[Rd] Understanding svd usage and its necessity in generalized inverse calculation
Paul Johnson
pauljohn32 at gmail.com
Thu Dec 6 00:58:42 CET 2012
Dear R-devel:
I could use some advice about matrix calculations and steps that might
make for faster computation of generalized inverses. It appears in
some projects there is a bottleneck at the use of svd in calculation
of generalized inverses.
Here's some Rprof output I need to understand.
> summaryRprof("Amelia.out")
$by.self
self.time self.pct total.time total.pct
"La.svd" 150.34 27.66 164.82 30.32
"emfred" 40.90 7.52 535.62 98.53
"<Anonymous>" 32.92 6.06 122.16 22.47
"amsweep" 26.70 4.91 475.94 87.55
"%*%" 26.06 4.79 26.06 4.79
"as.matrix" 23.32 4.29 37.34 6.87
"structure" 22.30 4.10 30.68 5.64
"t" 18.64 3.43 25.34 4.66
"matrix" 14.66 2.70 15.02 2.76
"deparse" 14.52 2.67 33.58 6.18
"strsplit" 9.90 1.82 9.90 1.82
"match" 9.80 1.80 22.94 4.22
"conditionMessage" 8.92 1.64 14.50 2.67
"svd" 8.70 1.60 185.88 34.19
"mpinv" 8.40 1.55 221.56 40.76
"c" 8.16 1.50 8.16 1.50
".deparseOpts" 7.92 1.46 12.42 2.28
"$" 6.94 1.28 6.94 1.28
"t.default" 6.70 1.23 6.70 1.23
"diag" 5.66 1.04 8.96 1.65
"cbind" 5.48 1.01 5.48 1.01
"rbind" 5.36 0.99 10.84 1.99
"am.inv" 4.88 0.90 10.76 1.98
".Call" 4.70 0.86 4.70 0.86
[snip]
$by.total
total.time total.pct self.time self.pct
"amelia.default" 543.58 99.99 0.04 0.01
"amelia" 543.58 99.99 0.00 0.00
"emarch" 536.94 98.77 0.18 0.03
"emfred" 535.62 98.53 40.90 7.52
"amsweep" 475.94 87.55 26.70 4.91
"mpinv" 221.56 40.76 8.40 1.55
"svd" 185.88 34.19 8.70 1.60
"La.svd" 164.82 30.32 150.34 27.66
"try" 161.52 29.71 0.50 0.09
"tryCatch" 161.04 29.62 3.38 0.62
"tryCatchList" 157.06 28.89 1.06 0.19
"tryCatchOne" 156.00 28.70 3.20 0.59
"<Anonymous>" 122.16 22.47 32.92 6.06
"as.matrix" 37.34 6.87 23.32 4.29
"deparse" 33.58 6.18 14.52 2.67
"structure" 30.68 5.64 22.30 4.10
"%*%" 26.06 4.79 26.06 4.79
"t" 25.34 4.66 18.64 3.43
"match" 22.94 4.22 9.80 1.80
"%in%" 21.74 4.00 2.44 0.45
"simpleError" 16.72 3.08 0.62 0.11
"matrix" 15.02 2.76 14.66 2.70
"conditionMessage" 14.50 2.67 8.92 1.64
"mode" 14.44 2.66 1.76 0.32
"doTryCatch" 13.94 2.56 2.72 0.50
".deparseOpts" 12.42 2.28 7.92 1.46
I *Think* this means that a bottlleneck here is svd, which is being
called by this function that calculates generalized inverses:
## Moore-Penrose Inverse function (aka Generalized Inverse)
## X: symmetric matrix
## tol: convergence requirement
mpinv <- function(X, tol = sqrt(.Machine$double.eps)) {
s <- svd(X)
e <- s$d
e[e > tol] <- 1/e[e > tol]
s$v %*% diag(e,nrow=length(e)) %*% t(s$u)
}
That is from the Amerlia package, which we like to use very much.
Basically, I wonder if I should use a customized generalized inverse
or svd calculator to make this faster.
Why bother, you ask? We have many people who do multiple imputation
for missing data and the psychologists are persuaded that they now
ought to collect 50 or 100 imputations (gulp). The users want to
include many many variables in these models, and so we see iterations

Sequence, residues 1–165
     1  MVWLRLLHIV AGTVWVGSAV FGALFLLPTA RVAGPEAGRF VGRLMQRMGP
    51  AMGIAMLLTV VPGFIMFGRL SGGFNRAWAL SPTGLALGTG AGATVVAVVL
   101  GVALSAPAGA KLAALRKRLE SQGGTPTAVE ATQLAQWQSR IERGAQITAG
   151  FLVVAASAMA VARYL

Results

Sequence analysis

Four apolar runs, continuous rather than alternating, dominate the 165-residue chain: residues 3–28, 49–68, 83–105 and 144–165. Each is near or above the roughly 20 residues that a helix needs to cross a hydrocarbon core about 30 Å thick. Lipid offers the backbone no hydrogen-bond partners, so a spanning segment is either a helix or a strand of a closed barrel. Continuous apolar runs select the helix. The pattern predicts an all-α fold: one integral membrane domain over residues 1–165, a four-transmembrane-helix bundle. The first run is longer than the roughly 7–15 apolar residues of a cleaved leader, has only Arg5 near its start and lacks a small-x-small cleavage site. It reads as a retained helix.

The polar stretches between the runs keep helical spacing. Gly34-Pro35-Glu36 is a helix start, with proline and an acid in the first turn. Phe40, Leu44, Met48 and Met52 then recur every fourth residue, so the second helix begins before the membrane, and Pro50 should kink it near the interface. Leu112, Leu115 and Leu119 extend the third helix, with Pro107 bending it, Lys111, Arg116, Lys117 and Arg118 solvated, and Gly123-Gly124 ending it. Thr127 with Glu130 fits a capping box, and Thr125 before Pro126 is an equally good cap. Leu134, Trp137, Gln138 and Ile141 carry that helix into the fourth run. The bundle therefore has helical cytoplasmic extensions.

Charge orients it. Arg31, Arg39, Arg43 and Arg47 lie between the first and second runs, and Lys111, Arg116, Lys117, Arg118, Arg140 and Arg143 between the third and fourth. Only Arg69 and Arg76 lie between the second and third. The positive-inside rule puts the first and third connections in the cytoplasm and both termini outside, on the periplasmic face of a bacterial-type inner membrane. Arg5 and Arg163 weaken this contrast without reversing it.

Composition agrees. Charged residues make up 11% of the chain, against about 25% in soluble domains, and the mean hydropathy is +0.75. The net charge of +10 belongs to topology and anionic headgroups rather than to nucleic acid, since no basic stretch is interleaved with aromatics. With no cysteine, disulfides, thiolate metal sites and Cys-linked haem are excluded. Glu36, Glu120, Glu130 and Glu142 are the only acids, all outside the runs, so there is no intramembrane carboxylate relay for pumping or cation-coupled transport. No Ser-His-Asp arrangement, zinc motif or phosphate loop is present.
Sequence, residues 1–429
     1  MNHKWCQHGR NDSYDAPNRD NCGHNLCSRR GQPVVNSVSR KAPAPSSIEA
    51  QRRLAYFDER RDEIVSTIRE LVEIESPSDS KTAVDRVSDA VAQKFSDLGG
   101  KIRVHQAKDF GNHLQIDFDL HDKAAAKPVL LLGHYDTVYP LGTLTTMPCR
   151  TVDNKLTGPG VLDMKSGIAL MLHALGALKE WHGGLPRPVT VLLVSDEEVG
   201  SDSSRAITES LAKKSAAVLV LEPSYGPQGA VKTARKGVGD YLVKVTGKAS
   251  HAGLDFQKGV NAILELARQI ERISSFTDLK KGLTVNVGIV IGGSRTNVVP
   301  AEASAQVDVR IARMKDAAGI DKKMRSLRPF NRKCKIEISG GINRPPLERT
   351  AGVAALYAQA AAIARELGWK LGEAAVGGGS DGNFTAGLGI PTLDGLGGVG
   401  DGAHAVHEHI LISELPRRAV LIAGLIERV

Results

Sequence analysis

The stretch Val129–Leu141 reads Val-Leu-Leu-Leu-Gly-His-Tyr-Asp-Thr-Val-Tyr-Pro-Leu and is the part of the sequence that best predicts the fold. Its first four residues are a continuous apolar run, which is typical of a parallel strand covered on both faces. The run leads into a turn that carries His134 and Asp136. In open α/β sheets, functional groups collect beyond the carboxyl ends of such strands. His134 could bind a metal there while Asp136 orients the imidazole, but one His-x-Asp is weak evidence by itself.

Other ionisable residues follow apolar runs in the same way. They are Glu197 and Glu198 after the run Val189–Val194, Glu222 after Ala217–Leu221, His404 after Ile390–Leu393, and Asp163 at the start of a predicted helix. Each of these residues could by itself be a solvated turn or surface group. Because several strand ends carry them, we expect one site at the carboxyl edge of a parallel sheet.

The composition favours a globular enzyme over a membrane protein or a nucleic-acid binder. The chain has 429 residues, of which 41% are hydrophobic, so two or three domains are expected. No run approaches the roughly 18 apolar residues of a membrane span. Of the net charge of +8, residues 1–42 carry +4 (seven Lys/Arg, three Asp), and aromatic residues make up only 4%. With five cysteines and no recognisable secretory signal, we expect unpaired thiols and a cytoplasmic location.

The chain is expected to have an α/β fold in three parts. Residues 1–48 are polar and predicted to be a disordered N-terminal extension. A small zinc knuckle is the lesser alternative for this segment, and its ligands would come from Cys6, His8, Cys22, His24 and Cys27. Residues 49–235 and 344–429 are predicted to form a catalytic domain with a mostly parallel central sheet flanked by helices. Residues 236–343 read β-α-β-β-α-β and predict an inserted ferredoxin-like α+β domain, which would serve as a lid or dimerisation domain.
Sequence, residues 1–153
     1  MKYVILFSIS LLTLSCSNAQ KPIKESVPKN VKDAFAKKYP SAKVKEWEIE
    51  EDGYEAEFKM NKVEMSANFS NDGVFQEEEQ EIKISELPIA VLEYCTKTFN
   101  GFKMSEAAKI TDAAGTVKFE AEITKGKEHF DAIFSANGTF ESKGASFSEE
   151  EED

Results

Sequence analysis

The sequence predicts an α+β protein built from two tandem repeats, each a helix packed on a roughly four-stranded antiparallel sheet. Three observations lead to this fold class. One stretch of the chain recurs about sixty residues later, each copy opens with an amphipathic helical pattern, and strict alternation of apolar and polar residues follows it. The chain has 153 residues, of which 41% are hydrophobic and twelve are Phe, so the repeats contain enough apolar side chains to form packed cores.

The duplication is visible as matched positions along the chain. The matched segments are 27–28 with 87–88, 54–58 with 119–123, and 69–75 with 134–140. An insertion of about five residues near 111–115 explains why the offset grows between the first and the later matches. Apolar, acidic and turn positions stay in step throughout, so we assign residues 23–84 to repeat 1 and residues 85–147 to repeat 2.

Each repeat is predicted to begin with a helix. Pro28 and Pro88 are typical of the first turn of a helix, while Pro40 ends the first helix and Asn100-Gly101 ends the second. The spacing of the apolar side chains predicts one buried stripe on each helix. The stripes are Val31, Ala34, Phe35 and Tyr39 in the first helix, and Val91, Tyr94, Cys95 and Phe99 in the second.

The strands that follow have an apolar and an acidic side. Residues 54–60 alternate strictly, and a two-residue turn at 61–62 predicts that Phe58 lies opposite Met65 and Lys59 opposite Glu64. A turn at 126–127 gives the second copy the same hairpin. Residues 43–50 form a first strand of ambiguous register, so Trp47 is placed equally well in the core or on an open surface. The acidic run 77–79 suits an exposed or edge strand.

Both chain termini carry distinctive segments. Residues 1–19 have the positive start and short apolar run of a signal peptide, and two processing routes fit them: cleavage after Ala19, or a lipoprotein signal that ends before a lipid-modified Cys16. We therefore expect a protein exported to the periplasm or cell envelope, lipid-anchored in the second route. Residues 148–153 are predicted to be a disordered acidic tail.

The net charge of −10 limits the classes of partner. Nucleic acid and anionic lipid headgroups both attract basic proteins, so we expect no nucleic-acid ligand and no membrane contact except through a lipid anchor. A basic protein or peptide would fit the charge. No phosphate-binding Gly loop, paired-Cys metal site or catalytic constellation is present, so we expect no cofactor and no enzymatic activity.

in the 100s for each imputation. That makes for some super long
running jobs, and I've been profiling the multiple imputation
algorithms in various packages to see what I can do to make them
faster.
Question: Is the usage of svd really necessary for generalized
inverse? Can I employ some alternative to get faster? The literature
on this is pretty specialized. I mean to say, "will one of you math
professors please tell me what is safe or unsafe".
The cholesky decomposition is fastest for the well conditioned matrix,
but not suitable to all matrices. svd is the gold standard for
accuracy, but it is slowest. In the past, I've chased speedups like
this and sometimes find a happy answer, but just as often I wish I had
asked an expert before wandering off on a fool's errand.
There's plenty of literature about it. See, for example, this article:
Smoktunowicz, A., & Wróbel, I. (2012). Numerical aspects of computing
the Moore-Penrose inverse of full column rank matrices. BIT Numerical
Mathematics, 52(2), 503–524. doi:10.1007/s10543-011-0362-0
Which seems to say that a method proposed by Byers and Xu (2008) is as
about as good as, but faster than, svd.
It appears to me work on this traces back to a speedup obtained by
Courrieu, whose method takes about one-half as much time as the svd.
P. Courrieu. Fast Computation of Moore-Penrose Inverse matrices.
Neural Information
Processing-Letters and Reviews, 8:25–29, 2005.
Katsikis, Casilos N. and Dimitrios Pappas. 2008. Fast computing of the
Moore-Penrose Inverse Matrix. Electronic Journal of Linear Algebra 17:
637-650.
http://celc.cii.fc.ul.pt/iic/ela/ela-articles/articles/vol17_pp337-350.pdf
Toutounian, F., & Ataei, A. (2009). A new method for computing
Moore-Penrose inverse matrices. J. Comput. Appl. Math., 228(1),
412–417. doi:10.1016/j.cam.2008.10.008
I see in the MASS package there is a ginv function, it uses the svd,
just as the mpinv in Amelia does.
Maybe I should ignore this, or leave it up to some BLAS implementation?
pj
--
Paul E. Johnson
Professor, Political Science Assoc. Director
1541 Lilac Lane, Room 504 Center for Research Methods
University of Kansas University of Kansas
http://pj.freefaculty.org http://quant.ku.edu
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